Words to Know
Treatment to boost or restore the ability of the immune system to destroy cancer, infections and other diseases. Also used to lessen certain side effects that may be caused by some cancer treatments. Agents used in immunotherapy include monoclonal antibodies, growth factors and vaccines. These agents may also have a direct antitumor effect. Multiple studies are underway to find immunotherapy treatments that will be effective at treating breast cancer. Also called biological response modifier therapy, biological therapy, biotherapy, and BRM therapy.
implant displacement views
Also called Eklund displacement views and Eklund views. A procedure used to do a mammogram (X-ray of the breasts) in women with breast implants. The implant is pushed back against the chest wall and the breast tissue is pulled forward and around it so the tissue can be seen in the mammogram.
A substance or object that is put in the body as a prosthesis, or for treatment or diagnosis. Implants are one option for breast reconstruction after a mastectomy (breast removal), a procedure sometimes used as a breast cancer treatment or prevention. Other options besides implants exist for breast reconstruction.
Invasion and multiplication of germs in the body. Infections can occur in any part of the body and can spread throughout the body. The germs may be bacteria, viruses, yeast or fungi. They can cause a fever and other problems, depending on where the infection occurs. When the body's natural defense system is strong, it can often fight the germs and prevent infection. Some breast cancer treatments can weaken the natural defense system.
infiltrating breast cancer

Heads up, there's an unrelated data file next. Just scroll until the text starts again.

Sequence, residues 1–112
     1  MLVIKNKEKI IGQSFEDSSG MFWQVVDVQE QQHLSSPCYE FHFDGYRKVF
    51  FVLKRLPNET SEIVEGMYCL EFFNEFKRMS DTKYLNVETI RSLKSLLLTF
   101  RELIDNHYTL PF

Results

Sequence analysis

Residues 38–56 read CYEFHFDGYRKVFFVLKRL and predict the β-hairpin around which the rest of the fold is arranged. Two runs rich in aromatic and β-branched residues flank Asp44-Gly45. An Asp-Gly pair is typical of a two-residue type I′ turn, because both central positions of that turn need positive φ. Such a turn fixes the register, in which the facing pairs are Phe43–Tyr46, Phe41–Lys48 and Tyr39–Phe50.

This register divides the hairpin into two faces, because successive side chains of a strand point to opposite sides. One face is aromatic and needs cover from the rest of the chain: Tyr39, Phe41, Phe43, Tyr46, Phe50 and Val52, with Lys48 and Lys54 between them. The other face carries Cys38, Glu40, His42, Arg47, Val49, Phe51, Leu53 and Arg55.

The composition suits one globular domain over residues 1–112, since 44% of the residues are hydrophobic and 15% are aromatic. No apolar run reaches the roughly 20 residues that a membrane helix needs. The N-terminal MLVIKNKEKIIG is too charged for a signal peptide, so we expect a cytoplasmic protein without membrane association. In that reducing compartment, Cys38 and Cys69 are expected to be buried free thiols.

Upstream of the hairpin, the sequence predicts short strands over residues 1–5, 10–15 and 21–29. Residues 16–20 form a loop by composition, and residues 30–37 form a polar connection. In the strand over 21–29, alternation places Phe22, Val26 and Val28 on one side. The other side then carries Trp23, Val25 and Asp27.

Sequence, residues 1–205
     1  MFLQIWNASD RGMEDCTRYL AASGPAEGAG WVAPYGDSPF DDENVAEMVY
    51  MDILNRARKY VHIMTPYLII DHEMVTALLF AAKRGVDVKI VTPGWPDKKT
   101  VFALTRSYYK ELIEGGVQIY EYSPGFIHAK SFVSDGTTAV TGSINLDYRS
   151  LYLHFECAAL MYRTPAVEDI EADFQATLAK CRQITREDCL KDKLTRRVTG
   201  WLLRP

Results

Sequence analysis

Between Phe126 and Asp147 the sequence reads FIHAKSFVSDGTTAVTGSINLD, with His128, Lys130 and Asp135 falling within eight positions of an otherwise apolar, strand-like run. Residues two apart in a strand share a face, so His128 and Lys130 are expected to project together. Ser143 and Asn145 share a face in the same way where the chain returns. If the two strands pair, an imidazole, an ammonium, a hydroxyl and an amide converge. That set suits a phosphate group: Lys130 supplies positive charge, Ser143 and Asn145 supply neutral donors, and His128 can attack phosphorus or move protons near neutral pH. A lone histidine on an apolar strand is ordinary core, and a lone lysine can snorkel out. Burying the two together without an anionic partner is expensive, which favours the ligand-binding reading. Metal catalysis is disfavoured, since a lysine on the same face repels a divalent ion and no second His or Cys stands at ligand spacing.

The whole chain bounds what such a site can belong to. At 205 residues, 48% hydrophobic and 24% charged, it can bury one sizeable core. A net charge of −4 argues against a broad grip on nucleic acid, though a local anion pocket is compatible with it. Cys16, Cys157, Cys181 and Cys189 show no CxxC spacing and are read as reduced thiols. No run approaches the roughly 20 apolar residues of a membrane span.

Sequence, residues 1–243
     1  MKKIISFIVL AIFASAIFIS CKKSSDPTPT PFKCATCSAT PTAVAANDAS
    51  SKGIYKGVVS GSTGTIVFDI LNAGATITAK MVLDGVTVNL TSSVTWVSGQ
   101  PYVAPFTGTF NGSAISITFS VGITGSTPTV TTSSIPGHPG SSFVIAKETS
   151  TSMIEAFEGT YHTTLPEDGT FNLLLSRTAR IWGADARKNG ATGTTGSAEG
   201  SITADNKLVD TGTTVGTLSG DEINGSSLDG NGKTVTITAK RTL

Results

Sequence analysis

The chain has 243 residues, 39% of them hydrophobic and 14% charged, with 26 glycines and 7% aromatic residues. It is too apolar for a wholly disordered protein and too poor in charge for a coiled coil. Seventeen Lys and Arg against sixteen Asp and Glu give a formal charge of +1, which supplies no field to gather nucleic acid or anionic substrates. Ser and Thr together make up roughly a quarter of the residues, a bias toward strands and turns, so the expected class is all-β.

Also called invasive breast cancer. Cancer that has spread from where it started in the breast into surrounding, healthy tissue. Most infiltrating breast cancers start in the ducts, the tubes that carry milk from the lobules to the nipple. Infiltrating breast cancer can spread to other parts of the body through the blood and lymph systems.
inflammatory breast cancer
A type of breast cancer in which the breast looks red and swollen and feels warm. The skin of the breast may also show the pitted appearance called peau d'orange (like the skin of an orange). The redness and warmth occur because the cancer cells block the lymph vessels in the skin.
Important facts given to an individual who may be partaking in a medical procedure, medical treatment, a clinical trial or a genetic testing procedure. The information is meant to allow that individual a chance to weigh risks against benefits in deciding whether or not to participate. It also includes informing the individual when there is new information that may affect his or her decision to continue, such as in a clinical trial. Informed consent includes information about the possible risks, benefits and limits of the procedure, treatment, trial or genetic testing.